The Middle Way: elephant journal’s Comment Policy.

Via on Oct 13, 2013

anonymous comments

Read our Comment Policy: “Mean Comments Suck.”

There is so much anger in elephant readers, as I’ve seen in several posts tonight (or rather the resulting comments, most of which have been about the titles or images). I guess that fire and passion is preferable to the “like” culture I see on celebrity fan pages, or media (can’t call them journalism” pages that are all about smoothie recipes or humor.

But…anger is painful and unhelpful in illuminating minds and hearts. We can and must be respectful in our dialogue, and criticism. Folks make mistakes. We do not and should not desire orthodoxy, self-righteousness in our community so much as we should desire to protect all views and diverse experiences, even those we regard as wrong, oppressive and exploitative.

We can bring awareness to all only through love, never through anger. Let’s all re-resolve to communicate our criticism with respect, even appreciation. If we can’t, we’ll have to delete your comment and ban you from this page, which is our loss. ~ Waylon Lewis

hominem attack comment

About elephant journal

elephant journal is dedicated to "bringing together those working (and playing) to create enlightened society." We're about anything that helps us to live a good life that's also good for others, and our planet. >>> Founded as a print magazine in 2002, we went national in 2005 and then (because mainstream magazine distribution is wildly inefficient from an eco-responsible point of view) transitioned online in 2009. >>> elephant's been named to 30 top new media lists, and was voted #1 in the US on twitter's Shorty Awards for #green content...two years running. >>> Get involved: > Subscribe to our free Best of the Week e-newsletter. > Follow us on Twitter Fan us on Facebook. > Write: send article or query. > Advertise. > Pay for what you read, help indie journalism survive and thrive. Questions? info elephantjournal com

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9 Responses to “The Middle Way: elephant journal’s Comment Policy.”

  1. Has it ever occurred to anyone that the ability to take criticism, as the Buddha supposedly did, is part of practice?

    Deleting a comment, and blocking, is not taking criticism, it’s avoidance, so people can live in a fantasy bubble, not be questioned, always be right.

    The issues with this are numerous, non constructive, and enabling.

    This is just something to consider.

    • sarah t says:

      I absolutely agree! My comment that got me blocked on the Fb was a simple criticism of how EJ would respond to people snarkily rather than accepting criticism (or ignoring it all together which would be more professional). Harmful language or angry mean messages getting deleted makes sense but constructive comments getting deleted is irritating and petty.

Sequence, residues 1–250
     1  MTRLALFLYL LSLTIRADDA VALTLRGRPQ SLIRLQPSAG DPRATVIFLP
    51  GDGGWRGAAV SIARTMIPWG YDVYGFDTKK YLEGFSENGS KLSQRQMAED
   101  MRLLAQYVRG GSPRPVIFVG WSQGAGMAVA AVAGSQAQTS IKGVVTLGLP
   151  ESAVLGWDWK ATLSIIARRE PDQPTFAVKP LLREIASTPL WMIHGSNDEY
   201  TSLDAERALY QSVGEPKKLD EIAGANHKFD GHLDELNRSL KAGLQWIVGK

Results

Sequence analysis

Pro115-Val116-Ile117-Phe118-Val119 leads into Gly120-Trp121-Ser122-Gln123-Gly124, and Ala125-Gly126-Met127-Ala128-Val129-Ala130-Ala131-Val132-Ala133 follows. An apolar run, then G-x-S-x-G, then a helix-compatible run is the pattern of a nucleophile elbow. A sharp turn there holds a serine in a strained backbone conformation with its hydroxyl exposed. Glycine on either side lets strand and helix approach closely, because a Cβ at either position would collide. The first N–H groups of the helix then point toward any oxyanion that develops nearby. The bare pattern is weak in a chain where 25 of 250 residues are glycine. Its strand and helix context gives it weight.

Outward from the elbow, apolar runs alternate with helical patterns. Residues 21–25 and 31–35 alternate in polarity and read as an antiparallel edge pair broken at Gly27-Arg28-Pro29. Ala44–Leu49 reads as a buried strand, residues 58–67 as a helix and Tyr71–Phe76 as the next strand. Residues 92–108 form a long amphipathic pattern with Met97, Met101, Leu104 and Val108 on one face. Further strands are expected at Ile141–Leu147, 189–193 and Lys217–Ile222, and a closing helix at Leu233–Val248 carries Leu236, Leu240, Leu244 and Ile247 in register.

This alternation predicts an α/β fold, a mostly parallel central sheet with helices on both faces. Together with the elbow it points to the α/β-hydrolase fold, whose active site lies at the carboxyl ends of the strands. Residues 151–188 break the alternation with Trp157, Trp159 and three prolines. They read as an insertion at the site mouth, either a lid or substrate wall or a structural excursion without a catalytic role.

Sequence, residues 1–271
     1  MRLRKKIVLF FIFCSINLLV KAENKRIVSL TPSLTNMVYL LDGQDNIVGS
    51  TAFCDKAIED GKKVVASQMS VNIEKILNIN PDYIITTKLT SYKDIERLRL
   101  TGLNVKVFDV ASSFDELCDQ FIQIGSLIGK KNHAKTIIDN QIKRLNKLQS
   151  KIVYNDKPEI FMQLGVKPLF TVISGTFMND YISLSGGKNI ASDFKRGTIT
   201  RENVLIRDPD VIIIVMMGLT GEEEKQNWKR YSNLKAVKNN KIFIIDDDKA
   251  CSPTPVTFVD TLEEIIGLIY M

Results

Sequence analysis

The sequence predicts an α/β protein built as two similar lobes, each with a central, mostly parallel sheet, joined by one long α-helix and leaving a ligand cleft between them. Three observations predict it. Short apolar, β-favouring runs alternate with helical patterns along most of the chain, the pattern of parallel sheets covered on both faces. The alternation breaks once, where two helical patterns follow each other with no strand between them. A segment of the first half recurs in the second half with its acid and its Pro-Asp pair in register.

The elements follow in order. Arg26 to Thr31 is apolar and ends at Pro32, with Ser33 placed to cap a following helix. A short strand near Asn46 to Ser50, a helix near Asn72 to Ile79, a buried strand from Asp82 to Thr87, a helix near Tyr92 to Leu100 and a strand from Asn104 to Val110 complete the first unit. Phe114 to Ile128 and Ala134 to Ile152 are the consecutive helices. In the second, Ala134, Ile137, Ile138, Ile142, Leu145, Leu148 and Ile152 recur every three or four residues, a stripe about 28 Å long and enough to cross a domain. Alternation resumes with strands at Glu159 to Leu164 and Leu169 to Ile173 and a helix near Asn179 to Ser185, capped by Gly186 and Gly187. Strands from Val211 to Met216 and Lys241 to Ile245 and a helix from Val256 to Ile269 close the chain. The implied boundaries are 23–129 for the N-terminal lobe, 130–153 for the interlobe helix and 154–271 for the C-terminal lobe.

• elephantjournal says:

        Apologies. We get a lot of harsh comments, and I was worn thin yesterday (if this happened yesterday). Comments are probably the most degraded (not yours, but some of them) part of our jobs. If you feel you were blocked in error, just email us and we'll unblock you, with thanks. editorial @ elephantjournal.com

    • elephantjournal says:

      Anonymous Neon,

      Thank you. Agree. Generally. It's a great and valid point you make, that you would see discussed above in our comment policy, at length, if you'd like to read it before commenting… ;)

      Actually, the Buddha talked about the Middle Way. And he talked about Mindful Speech. We welcome criticism of our authors and articles, but not ad hominem/personal attacks.

  2. Jaime says:

    I think they were referring to the people that can’t seem to control themselves and are habitual for leaving nasty negative comments on everything. Getting enraged over articles that are opinion based is ridiculous and shouldn’t have to be tolerated, and I would delete them too.

    • elephantjournal says:

      Thank you. We didn't delete a comment for 1.5 years, when we first went online…it's a big part of our mission, to foster a place where folks who disagree can debate. But…the internet is not a great place for dialogue, too often. So we've had to find a middle way.

  3. Padma Kadag says:

    Interestingly enough if we were to apply your "mindful" comment pyramid to those who write articles, which are commented upon, then the articles themselves might be written with more authority and authenticity. Rather you would set a higher standard for those who comment than the actual article….funny.

    • elephantjournal says:

      Agree with your point. Generally. Articles and authors need to be respectful, and we pass on many articles, and edit many, to help them get to that point.

      Specific articles you're referring to that should not have been posted?

      • Padma Kadag says:

        I would always refrain from suggesting that an article not be posted. Free speech and all of that…particulary if it fits your demographic. Most of the articles are respecting individuals.My comments have always been more about "buddhists" writing about "buddhism" as if they are teachers of buddhism. I find that 99% of the time there is a fly in their ointment when they write about buddhism. Or it is written in an unauthentic manner as do many of the writers who make money off of buddhism. So readers come away with impressions about buddhism which do not ring true. The writings of the masters…Dudjom, Trungpa, all of the Khyentse's, Dza Patrul, Mipham, and the list goes on, may not ring true because of the directness of their enlightened minds.

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